Dave Parks in 2008
|No. 81, 83|
|Position:||Wide receiver, tight end|
December 25, 1941 |
|Height:||6 ft 2 in (1.88 m)|
|Weight:||207 lb (94 kg)|
|High school:||Abilene (TX)|
|NFL Draft:||1964 / Round: 1 / Pick: 1|
|Career highlights and awards|
|Career NFL statistics|
|Player stats at PFR|
David Wayne Parks (born December 25, 1941) is a former American football wide receiver/end in the NFL. He was the first overall selection in the 1964 NFL Draft out of Texas Technological College (now Texas Tech University). Parks was selected to three Pro Bowls, and was an All-Pro selection two times. In 1965 he captured the "triple crown" of receiving, leading the NFL in receptions, receiving yards, and receiving touchdowns. In 2008 Parks was selected to be enshrined in the College Football Hall of Fame.
Parks played at the college level for the Texas Tech Red Raiders from 1961-1963. While at Texas Tech, Parks set several school records and earned many accolades. During his junior season in 1962, Parks was named an All-Southwest Conference selection.
Following his final season in 1963, Parks became the first player in Texas Tech history to be named an Associated Press All-American, and also earned selections from The Sporting News, Time Magazine, Boston Recorder-American, Sports Extra, the American Football Coaches Association, and Football Weekly. Additionally, Parks received invitations to the East West Shrine Game, the Senior Bowl, and the Coaches All-America Game.
Upon his graduation, Parks held the school records for career receptions (80), single-season receptions (32), single game receptions (8 vs. Kansas State in 1963), and single game receiving yards (132 vs Kansas State in 1963). His record for longest interception return of 98 yards that occurred during a 1962 game versus Colorado still remains a school record.
Parks is one of only three Texas Tech players to have their jerseys retired along with E.J. Holub and Donny Anderson. He was named to the inaugural class of the Texas Tech Ring of Honor, which honors the players by engraving their names into a ring around Jones AT&T Stadium, and has been the only Red Raider selected as the 1st overall pick of the NFL Draft.
Parks was voted into the College Football Hall of Fame in 2008, joining fellow Red Raiders Donny Anderson, Hub Bechtol, E. J. Holub, and Gabriel Rivera. Parks was also inducted into the Texas Sports Hall of Fame in 2012.
Parks was the first overall selection of the 1964 NFL Draft by the San Francisco 49ers. He is one of only three people to be drafted No. 1 as a wide receiver, alongside Irving Fryar in 1984 and Keyshawn Johnson in 1996. Six games into his rookie season, Parks set a franchise record for longest reception with an 83-yard catch, followed by the team's second longest reception, an 80-yarder, a week later. Both records stood for 13 years. In 1965, Parks lead the National Football League in receptions with 80, receiving yards with 1,344, and receiving touchdowns with 12. For his performance, Parks was selected to the 1965 Pro Bowl and was named to the 1965 All-Pro Team.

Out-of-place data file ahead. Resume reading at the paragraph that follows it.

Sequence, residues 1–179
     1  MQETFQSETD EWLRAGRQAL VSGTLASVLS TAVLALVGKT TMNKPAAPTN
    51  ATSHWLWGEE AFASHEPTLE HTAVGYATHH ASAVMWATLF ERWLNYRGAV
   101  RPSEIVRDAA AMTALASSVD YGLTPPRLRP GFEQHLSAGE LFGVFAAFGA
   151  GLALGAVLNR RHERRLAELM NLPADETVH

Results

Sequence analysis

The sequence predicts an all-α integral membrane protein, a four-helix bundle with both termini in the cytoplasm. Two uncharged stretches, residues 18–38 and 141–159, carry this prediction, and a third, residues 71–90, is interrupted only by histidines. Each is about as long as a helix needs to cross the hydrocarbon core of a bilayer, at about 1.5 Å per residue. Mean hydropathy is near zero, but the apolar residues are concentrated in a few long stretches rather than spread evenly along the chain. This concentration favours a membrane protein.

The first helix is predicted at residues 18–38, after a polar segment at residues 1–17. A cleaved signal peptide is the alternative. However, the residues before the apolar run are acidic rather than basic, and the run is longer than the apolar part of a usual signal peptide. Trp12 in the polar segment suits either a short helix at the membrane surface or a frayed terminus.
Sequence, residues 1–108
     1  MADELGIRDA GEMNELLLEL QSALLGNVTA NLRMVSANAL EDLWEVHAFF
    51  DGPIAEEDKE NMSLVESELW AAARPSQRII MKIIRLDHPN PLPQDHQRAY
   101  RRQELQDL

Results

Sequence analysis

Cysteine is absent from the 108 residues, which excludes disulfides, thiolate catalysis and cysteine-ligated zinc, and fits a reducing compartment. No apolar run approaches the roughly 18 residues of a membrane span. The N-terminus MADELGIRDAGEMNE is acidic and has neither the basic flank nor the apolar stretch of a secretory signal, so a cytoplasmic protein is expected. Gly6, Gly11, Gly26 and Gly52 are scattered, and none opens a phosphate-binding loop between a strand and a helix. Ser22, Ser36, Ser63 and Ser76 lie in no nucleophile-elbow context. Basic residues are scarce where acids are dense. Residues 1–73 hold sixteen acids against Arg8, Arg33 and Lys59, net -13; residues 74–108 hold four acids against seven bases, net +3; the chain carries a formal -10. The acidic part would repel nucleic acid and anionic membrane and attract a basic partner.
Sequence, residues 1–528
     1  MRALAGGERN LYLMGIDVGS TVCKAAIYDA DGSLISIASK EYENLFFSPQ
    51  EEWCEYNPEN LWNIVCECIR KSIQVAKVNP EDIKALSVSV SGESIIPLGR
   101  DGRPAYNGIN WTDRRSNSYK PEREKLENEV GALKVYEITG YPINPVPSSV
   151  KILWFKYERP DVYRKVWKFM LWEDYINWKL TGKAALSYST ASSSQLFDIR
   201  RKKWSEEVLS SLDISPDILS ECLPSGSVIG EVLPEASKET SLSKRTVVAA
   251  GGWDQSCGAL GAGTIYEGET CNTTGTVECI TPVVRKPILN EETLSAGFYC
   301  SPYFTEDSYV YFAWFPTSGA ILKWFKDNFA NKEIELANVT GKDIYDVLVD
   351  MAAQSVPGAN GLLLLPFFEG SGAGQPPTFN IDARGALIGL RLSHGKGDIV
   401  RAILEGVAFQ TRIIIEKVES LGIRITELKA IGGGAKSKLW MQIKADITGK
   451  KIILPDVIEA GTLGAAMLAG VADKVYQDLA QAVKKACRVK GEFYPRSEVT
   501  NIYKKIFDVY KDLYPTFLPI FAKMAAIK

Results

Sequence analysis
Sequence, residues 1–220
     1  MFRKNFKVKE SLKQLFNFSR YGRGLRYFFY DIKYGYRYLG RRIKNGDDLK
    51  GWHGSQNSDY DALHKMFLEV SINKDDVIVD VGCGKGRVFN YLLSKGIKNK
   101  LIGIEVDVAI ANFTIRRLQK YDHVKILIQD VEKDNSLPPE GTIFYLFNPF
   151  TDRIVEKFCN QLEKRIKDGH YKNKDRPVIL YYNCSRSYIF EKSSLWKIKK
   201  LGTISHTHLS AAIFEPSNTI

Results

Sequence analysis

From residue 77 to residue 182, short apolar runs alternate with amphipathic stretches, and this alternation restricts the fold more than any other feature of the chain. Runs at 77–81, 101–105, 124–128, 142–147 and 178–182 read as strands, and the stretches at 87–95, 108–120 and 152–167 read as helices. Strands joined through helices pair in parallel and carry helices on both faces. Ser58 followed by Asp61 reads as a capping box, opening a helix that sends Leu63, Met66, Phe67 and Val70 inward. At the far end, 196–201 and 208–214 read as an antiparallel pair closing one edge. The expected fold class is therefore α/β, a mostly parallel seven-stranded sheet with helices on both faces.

Parks was named to the 1966 All-Pro Team and went on to attend the 1966 Pro Bowl and the 1967 Pro Bowl. Following the 1967 season, Parks utilized his option and left San Francisco for the New Orleans Saints, where he spent five seasons. In 1973, he played for the Houston Oilers, and retired after the season. He ended his career with 360 receptions, 5,619 receiving yards, a 15.6 average, and 44 touchdowns.
Currently residing in Austin, Texas, and has served as the associate director of the Texas Ranger Law Enforcement Organization. Parks would go on to invent the 'Speedy Weedy', a lawn and garden tool.
None of the audio/visual content is hosted on this site. All media is embedded from other sites such as GoogleVideo, Wikipedia, YouTube etc. Therefore, this site has no control over the copyright issues of the streaming media.
All issues concerning copyright violations should be aimed at the sites hosting the material. This site does not host any of the streaming media and the owner has not uploaded any of the material to the video hosting servers. Anyone can find the same content on Google Video or YouTube by themselves.
The owner of this site cannot know which documentaries are in public domain, which has been uploaded to e.g. YouTube by the owner and which has been uploaded without permission. The copyright owner must contact the source if he wants his material off the Internet completely.